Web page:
Abstract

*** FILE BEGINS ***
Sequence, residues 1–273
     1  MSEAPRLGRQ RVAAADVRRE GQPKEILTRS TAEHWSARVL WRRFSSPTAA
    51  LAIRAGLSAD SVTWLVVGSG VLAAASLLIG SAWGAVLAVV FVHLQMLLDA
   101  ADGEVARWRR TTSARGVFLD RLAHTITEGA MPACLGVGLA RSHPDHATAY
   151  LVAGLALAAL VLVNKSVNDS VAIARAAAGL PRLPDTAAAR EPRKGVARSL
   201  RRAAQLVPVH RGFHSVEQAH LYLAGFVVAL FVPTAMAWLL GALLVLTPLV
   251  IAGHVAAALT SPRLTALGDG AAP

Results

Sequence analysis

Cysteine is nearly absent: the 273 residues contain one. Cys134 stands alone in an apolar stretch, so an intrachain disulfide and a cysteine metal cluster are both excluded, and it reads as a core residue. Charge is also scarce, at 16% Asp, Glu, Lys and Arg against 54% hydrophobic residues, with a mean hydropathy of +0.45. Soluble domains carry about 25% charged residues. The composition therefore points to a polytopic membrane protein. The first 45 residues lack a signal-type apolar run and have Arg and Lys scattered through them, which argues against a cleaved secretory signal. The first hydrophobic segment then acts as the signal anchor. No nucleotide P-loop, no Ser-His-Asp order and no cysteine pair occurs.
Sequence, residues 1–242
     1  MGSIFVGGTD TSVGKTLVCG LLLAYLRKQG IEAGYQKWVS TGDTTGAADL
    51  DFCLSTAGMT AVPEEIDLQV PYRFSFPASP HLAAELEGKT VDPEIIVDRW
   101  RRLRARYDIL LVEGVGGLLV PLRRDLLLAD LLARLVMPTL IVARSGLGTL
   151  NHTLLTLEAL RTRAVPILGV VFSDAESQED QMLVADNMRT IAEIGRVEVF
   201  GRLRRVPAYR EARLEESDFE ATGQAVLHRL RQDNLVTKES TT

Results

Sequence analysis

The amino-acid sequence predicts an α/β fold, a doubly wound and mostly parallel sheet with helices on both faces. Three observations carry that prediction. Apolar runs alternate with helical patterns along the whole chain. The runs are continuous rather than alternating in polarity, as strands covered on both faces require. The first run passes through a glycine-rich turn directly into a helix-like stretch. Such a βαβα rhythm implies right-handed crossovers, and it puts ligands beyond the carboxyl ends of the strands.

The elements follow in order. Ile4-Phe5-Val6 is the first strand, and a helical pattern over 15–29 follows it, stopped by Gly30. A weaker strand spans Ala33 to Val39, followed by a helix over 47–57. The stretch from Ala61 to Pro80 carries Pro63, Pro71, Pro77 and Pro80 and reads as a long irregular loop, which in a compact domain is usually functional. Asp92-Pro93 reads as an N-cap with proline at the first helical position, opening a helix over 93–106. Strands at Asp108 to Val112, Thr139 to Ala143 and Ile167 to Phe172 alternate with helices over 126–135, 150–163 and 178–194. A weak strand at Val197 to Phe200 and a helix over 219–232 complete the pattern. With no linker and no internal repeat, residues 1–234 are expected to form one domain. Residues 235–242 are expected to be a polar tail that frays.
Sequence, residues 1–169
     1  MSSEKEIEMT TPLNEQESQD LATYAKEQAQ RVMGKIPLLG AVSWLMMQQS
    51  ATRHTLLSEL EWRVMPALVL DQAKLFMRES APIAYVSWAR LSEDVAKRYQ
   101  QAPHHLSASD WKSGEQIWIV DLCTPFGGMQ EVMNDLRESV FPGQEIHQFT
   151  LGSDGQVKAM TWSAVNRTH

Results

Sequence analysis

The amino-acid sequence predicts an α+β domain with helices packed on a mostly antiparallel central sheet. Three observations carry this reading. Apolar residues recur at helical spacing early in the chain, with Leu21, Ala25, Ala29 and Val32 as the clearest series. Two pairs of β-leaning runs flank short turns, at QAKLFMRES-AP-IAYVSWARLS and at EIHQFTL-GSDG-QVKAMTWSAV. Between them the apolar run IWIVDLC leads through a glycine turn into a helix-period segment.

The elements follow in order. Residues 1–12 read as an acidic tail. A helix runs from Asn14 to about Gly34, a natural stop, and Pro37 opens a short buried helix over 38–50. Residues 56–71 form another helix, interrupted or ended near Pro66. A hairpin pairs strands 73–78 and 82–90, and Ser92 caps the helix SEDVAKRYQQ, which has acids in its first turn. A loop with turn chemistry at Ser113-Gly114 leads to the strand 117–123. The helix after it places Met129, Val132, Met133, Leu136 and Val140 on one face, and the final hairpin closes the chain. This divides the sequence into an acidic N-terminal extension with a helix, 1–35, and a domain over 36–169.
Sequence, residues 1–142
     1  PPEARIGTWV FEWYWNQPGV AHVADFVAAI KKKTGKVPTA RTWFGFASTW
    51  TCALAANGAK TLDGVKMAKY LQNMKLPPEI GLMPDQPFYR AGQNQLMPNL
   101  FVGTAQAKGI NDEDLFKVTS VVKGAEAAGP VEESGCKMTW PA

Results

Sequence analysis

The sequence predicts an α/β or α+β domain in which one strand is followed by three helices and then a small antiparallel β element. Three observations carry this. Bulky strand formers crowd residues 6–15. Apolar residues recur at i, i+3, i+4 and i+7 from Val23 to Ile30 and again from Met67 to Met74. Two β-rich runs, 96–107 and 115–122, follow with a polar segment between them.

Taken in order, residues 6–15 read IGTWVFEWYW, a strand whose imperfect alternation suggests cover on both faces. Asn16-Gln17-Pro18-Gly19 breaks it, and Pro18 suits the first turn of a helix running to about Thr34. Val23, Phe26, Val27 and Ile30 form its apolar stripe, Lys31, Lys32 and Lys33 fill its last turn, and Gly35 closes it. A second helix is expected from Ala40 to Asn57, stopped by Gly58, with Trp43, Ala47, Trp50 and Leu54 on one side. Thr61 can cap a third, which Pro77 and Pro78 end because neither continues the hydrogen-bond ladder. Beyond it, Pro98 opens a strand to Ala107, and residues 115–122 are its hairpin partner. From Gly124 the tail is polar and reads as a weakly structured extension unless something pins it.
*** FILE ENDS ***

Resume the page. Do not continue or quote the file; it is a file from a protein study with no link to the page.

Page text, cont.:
The primary function of the acetabular labrum, like that of the glenoid, is to deepen the socket and improve joint stability. Tears of the acetabular labrum are common in older adults but occur in all age groups and with equal frequency in males and females. The AMA Guides to the Evaluation of Permanent Impairment (AMA Guides), Fifth Edition, is silent about rating tears, partial or complete excision, or repair of the acetabular labrum. Provocative tests to detect acetabular labrum tears involve hip flexion and rotation; all rely on production of pain in the groin (typically), clicking, and/or locking with passive or active hip motions. Diagnostic tests or procedures rely on x-rays, conventional arthrography, computerized tomography, magnetic resonance imaging (MRI), magnetic resonance arthrography (MRA), and hip arthroscopy. Hip arthroscopy is the gold standard for diagnosis but is the most invasive and most likely to result in complications, and MRA is about three times more sensitive and accurate in detecting acetabular labral tears than MRI alone. Surgical treatment for acetabular labrum tears usually consists of arthroscopic debridement; results tend to be better in younger patients. In general, an acetabular labral tear, partial labrectomy, or labral repair warrants a rating of 2% lower extremity impairment. Evaluators should avoid double dipping (eg, using both a Diagnosis-related estimates and limited range-of-motion tests).

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